Flowing afterglow spectroscopy [electronic resource] : an ultrasensitive probe into solid-phase decomposition kinetics. [TATB and NQ].
- Los Alamos, N.M. : Los Alamos Scientific Laboratory, 1979.
Oak Ridge, Tenn. : Distributed by the Office of Scientific and Technical Information, U.S. Dept. of Energy.
- Physical Description:
- Pages: 30 : digital, PDF file
- Additional Creators:
- Los Alamos Scientific Laboratory and United States. Department of Energy. Office of Scientific and Technical Information
- Restrictions on Access:
- Free-to-read Unrestricted online access
- The thermal-decomposition kinetics of high explosives are important to manufacturers and these dangerous materials from the standpoint of processing and storage. Low-temperature kinetics (20 to 200/sup 0/C) are difficult to obtain. Either extremely sensitive analytical techniques must be employed or very large amounts of material must be tested by less sensitive methods. The latter technique has the disadvantage that when sensitive explosives or propellants are so tested, catastrophic reaction can result in the destruction of expensive equipment, and the time involved in testing may be extremely long. The flowing-afterglow method, proposed here, utilizes small explosive samples and an ultra-sensitive analytical approach. The paper describes the technique in detail and summarizes our recent efforts to elucidate the low-temperature kinetics of trinitrotriaminobenzene (TATB) and nitroguanidine (NQ).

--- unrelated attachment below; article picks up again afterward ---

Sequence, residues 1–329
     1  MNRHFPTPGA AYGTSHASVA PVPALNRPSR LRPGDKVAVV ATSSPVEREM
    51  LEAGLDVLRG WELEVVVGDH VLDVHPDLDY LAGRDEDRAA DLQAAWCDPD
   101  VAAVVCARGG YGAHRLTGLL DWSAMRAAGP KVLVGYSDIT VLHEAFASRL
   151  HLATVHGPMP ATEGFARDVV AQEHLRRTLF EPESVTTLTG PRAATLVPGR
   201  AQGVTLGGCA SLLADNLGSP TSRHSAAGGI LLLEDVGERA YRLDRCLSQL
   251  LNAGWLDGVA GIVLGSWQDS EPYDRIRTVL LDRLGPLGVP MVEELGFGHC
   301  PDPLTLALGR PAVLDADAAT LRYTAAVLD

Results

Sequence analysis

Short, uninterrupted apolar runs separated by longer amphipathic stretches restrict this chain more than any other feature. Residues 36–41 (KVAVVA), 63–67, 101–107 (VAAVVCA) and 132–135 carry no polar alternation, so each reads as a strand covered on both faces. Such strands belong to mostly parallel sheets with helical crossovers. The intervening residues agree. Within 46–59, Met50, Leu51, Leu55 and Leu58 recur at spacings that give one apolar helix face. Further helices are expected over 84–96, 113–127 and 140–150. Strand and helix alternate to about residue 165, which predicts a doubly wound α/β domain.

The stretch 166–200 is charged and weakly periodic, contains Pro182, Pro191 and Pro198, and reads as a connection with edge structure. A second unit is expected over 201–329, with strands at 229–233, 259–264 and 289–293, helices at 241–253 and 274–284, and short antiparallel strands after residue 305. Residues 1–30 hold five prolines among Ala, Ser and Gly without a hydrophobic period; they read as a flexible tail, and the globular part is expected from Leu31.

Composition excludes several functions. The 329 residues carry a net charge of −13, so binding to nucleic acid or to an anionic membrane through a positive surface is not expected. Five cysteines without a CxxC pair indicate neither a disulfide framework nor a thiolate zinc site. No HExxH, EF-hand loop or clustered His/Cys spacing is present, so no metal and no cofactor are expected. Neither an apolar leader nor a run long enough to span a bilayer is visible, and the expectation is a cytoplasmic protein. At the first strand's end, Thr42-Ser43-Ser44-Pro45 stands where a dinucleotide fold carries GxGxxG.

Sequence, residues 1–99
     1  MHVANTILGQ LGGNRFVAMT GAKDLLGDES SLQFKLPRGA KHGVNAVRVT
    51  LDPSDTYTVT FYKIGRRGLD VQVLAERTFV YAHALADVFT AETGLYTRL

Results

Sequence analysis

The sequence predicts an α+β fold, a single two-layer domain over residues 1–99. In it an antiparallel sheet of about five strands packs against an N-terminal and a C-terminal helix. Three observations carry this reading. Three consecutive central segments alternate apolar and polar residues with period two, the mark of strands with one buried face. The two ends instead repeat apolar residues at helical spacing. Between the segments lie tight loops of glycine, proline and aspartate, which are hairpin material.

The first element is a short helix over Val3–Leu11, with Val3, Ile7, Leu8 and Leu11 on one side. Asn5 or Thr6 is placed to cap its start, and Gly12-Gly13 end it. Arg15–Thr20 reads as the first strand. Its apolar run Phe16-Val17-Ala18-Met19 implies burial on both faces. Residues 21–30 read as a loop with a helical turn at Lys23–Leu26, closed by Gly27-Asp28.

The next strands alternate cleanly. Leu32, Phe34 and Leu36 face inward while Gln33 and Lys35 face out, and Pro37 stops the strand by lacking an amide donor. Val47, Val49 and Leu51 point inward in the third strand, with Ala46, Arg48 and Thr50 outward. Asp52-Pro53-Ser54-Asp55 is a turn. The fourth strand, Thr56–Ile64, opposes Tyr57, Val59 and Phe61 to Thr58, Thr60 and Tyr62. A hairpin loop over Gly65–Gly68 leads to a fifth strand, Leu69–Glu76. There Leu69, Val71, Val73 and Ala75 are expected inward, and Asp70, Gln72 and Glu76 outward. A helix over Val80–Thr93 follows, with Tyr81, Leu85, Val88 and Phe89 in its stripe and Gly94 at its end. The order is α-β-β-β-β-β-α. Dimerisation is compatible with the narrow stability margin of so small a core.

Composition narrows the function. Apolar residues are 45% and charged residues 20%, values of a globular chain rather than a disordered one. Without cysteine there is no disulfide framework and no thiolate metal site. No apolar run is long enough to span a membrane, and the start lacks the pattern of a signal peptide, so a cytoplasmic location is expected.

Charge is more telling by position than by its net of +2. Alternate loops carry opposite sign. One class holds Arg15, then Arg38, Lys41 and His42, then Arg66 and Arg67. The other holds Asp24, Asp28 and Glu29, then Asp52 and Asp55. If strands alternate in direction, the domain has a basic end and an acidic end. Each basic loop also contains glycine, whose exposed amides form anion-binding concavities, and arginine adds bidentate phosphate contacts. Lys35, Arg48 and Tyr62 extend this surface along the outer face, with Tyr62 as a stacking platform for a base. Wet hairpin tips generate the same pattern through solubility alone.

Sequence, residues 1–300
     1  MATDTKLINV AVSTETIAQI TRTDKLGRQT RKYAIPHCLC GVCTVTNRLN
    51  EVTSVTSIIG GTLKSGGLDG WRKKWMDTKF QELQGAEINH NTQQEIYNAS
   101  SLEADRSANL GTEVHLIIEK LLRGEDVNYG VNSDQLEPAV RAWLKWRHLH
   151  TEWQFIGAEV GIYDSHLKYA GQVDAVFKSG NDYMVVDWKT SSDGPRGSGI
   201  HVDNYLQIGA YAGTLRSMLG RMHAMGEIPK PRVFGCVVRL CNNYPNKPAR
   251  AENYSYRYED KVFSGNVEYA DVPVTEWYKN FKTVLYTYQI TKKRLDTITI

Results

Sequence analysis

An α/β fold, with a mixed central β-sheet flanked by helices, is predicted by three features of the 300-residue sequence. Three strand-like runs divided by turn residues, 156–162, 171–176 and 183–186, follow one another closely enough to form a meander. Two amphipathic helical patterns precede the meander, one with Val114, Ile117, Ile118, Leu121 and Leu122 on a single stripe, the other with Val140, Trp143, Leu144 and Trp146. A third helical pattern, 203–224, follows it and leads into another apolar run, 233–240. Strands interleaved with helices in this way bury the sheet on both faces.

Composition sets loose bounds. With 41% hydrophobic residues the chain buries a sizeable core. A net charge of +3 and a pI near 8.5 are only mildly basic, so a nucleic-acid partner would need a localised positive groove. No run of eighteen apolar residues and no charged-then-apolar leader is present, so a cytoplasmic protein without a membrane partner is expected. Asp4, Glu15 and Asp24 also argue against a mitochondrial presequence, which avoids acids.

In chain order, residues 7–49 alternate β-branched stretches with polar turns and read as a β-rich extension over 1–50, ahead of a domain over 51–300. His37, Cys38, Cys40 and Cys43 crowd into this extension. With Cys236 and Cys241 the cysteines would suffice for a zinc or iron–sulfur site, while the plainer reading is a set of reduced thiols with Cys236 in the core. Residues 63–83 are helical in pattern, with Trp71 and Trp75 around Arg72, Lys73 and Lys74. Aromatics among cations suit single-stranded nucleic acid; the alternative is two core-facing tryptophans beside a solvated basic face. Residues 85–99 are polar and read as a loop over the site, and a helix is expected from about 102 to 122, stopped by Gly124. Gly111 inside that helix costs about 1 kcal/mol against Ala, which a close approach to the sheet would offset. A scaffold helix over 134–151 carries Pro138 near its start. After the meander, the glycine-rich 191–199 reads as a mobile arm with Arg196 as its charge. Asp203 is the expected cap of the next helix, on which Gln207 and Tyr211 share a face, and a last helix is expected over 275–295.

- Report Numbers:
- E 1.99:la-ur-79-3257
E 1.99: conf-7905125-1
- Other Subject(s):
- Published through SciTech Connect.
5. symposium on chemical problems connected with the stability of explosives, Bostod, Sweden, May 1979.
Andrews, G.H. Jr.; Taylor, G.W.
- Funding Information:
View MARC record | catkey: 14657604